The first step in safeguarding client information in regard to digital devices is to know one’s vulnerabilities and to provide all the lawyers and staff members in a law firm with guidance on how to reduce them. To do so, either a lawyer or staff member of a law firm should be assigned primary responsibility for “auditing” how the firm protects digital information, or the firm should hire an outside specialist in digital security. In the case of solo practitioners and small law firms, this may impose a difficult financial burden. Digital security is not inexpensive, but it is necessary nonetheless. At the very least, every lawyer and law firm should do periodic audits of digital security and provide all partners and employees with written guidelines on how to protect client information in the digital work environment.
Ethics & Malpractice Research Tip
Missouri Ethics Advisory Opinions
Missouri practitioners in need of answers to ethical questions that are not addressed in published case law should consult the Missouri Bar webpage for Legal Ethics Opinions: https://mobar.org/site/Lawyer_Resources/Legal_Ethics_Opinions/site/content/Lawyer-Resources/Legal_Ethics_Opinions.aspx?hkey=06b5595d-c0b3-4d8c-bf7d-dbf770a948b4.
Through this website, those interested in legal ethics in Missouri can search for or request informal advisory opinions authored by the Legal Ethics Counsel under Missouri Supreme Court Rule 5.30(c), which states:
The ethics counsel on behalf of the advisory committee on request may give a member of the bar an informal opinion on matters of special concern to the lawyer. Informal opinions are not binding. Written summaries of informal opinions may be published for informational purposes as determined by the advisory committee.
Missouri does not publish the full text of opinions. Instead, it only publishes summaries.
Summaries of informal advisory opinions from July 1, 1993, forward are available online. They are searchable by keyword, opinion number, or topic, making it quite easy for lawyers to find relevant opinions. Older opinions are included in Missouri Advisory Opinions, a desk book published in 1995. The Missouri Bar’s webpage provides a link to the electronic version of the desk book and its supplement, which was published in 1996. Practitioners can request a new informal opinion through Missouri Bar’s webpage.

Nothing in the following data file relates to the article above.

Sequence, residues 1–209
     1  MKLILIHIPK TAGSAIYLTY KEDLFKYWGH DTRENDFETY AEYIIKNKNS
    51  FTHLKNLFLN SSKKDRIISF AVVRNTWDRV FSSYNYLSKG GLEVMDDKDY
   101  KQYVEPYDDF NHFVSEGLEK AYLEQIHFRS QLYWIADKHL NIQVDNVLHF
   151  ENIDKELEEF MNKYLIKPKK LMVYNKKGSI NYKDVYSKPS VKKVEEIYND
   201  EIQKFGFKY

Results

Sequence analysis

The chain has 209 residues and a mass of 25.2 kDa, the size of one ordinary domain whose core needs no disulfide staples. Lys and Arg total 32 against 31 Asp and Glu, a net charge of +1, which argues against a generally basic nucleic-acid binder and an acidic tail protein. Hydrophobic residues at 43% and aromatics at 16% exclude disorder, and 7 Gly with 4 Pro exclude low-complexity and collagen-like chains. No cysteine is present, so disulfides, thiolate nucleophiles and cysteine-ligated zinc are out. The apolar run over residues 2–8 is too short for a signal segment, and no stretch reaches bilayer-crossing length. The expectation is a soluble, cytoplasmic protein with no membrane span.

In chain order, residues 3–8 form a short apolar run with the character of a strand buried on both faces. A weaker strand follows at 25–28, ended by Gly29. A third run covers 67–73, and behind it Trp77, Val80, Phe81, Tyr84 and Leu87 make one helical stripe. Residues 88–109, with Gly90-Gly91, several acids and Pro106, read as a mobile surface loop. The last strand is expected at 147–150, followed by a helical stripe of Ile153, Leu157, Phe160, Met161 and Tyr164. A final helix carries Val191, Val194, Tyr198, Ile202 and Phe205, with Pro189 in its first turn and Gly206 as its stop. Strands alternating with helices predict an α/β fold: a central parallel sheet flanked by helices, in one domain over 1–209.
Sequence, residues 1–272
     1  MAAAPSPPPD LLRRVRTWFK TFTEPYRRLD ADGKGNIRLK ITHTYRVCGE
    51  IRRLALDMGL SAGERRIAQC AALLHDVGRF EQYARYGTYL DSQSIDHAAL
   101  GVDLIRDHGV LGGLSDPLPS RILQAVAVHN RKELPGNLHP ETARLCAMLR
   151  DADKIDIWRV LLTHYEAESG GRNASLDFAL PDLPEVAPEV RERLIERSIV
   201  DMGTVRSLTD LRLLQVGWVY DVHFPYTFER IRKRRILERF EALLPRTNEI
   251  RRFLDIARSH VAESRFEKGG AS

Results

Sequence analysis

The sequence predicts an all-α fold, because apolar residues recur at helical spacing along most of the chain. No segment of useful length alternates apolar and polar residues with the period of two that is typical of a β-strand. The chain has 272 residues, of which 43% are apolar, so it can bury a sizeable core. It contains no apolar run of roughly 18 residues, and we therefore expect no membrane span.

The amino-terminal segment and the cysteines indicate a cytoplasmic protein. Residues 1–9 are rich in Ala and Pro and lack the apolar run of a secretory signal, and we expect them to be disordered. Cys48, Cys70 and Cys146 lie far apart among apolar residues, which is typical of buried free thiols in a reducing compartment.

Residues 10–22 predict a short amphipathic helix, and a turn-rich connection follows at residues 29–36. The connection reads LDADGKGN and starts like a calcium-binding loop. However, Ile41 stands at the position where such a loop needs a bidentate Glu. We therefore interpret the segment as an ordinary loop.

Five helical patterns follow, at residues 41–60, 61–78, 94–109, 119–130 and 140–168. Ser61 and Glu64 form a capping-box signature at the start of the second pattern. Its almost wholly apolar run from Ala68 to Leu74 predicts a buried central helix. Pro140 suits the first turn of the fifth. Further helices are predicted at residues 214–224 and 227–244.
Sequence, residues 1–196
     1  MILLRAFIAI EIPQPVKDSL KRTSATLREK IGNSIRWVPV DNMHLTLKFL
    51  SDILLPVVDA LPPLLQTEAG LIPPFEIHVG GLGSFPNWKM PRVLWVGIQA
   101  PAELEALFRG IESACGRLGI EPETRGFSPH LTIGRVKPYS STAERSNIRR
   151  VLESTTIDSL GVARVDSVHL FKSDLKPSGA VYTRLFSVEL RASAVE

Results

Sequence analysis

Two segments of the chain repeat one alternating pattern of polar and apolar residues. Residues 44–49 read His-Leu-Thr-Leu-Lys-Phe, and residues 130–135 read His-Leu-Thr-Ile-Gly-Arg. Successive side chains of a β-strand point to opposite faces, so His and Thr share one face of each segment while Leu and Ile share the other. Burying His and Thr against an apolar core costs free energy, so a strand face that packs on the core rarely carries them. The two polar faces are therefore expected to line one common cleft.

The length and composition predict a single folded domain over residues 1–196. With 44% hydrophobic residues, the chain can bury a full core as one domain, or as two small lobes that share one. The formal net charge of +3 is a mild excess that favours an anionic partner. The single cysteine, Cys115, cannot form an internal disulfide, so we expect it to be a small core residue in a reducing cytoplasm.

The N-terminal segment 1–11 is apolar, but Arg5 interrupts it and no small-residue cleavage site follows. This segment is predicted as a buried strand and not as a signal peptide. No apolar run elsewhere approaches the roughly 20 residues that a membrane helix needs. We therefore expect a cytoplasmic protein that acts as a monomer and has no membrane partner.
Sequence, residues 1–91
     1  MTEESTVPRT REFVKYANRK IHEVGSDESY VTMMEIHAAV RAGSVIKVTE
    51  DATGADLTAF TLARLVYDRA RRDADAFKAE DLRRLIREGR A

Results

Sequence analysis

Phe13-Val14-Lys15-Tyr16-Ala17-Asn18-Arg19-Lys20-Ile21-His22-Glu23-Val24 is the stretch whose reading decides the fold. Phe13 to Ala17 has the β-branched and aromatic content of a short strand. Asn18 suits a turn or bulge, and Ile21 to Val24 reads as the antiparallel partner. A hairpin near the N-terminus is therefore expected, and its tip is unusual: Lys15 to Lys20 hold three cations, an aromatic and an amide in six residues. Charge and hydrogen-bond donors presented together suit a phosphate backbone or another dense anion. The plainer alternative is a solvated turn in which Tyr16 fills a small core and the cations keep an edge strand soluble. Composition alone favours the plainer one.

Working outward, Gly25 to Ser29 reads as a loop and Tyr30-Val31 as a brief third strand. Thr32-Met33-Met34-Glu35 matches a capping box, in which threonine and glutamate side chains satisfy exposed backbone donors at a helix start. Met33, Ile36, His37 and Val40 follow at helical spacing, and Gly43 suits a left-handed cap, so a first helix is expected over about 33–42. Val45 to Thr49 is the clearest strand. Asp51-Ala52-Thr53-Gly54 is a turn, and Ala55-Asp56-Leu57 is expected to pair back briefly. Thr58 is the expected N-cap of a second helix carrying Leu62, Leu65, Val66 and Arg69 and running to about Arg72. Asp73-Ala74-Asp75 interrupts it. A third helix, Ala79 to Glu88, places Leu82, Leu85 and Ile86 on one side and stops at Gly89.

Formal opinions are governed by Missouri Supreme Court Rule 5.30(a):
The advisory committee may give formal opinions as to the interpretations of Rules 4, 5, and 6, and the amendments or additions thereto. Formal opinions of the advisory committee shall be published in the Journal of The Missouri Bar after adoption thereof.
The Missouri Bar’s website suggests that “a formal opinion is the appropriate way to address a matter of general importance, not necessarily related to a specific fact situation.” The site warns that formal opinions may take “more than a year” to produce after a request is received.
The site also contains links to the Missouri Rules of Professional Conduct and other ethics related sites.
Blast from the Past
Civility At the Bar
David Hoffman, a Maryland lawyer and law professor, first published his Fifty Resolutions in Regard to Professional Deportment in 1836 as part of his A Course of Legal Study. Hoffman’s notion of professional deportment was more expansive than our modern notion of legal ethics and, among other matters, dealt with issues of civility among lawyers:
Resolution 5: In all intercourse with my professional brethren, I will always be courteous. No man’s passion shall intimidate me from asserting fully my own or my client’s rights, and no man’s ignorance or folly shall induce me to take any advantage of him. I shall deal with them all as honorable men, ministering at our common altar. But an act of unequivocal meanness or dishonesty, though it shall wholly sever any personal relation that may subsist between us, shall produce no change in my deportment when brought in professional connection with them. My client’s rights, and not my own feelings, are then alone to be consulted.
. . .
Resolution 9: Any promise or pledge made by me to the adverse counsel shall be strictly adhered to by me; nor shall the subsequent instructions of my client induce me to depart from it, unless I am well satisfied it was made in error, or that the rights of my client would be materially impaired by its performance.
. . .
Resolution 17: Should I attain that eminent standing at the bar which gives authority to my opinions, I shall endeavor, in my intercourse with my junior brethren, to avoid the least display of it to their prejudice. I will strive never to forget the days of my youth, when I too was feeble in the law, and without standing. I will remember my then ambitious aspirations (though timid and modest) nearly blighted by the inconsiderate or rude and arrogant deportment of some of my seniors; and I will further remember that the vital spark of my early ambition might have been wholly extinguished, and my hopes forever ruined, had not my own resolutions, and a few generous acts of some others of my seniors, raised me from my depression. To my juniors, therefore, I shall ever be kind and encouraging; and never too proud to recognize distinctly that, on many occasions, it is quite probable their knowledge may be more accurate than my own, and that they, with their limited reading and experience, have seen the matter more soundly than I, with my much reading and long experience.
For more on Hoffman, see, M. Ariens, “Lost and Found: David Hoffman and the History of American Legal Ethics,” Arkansas Law Review, v. 67 (2014) 571.
Hoffman’s Resolutions may be found online at https://lonang.com/commentaries/curriculum/professional-deportment/.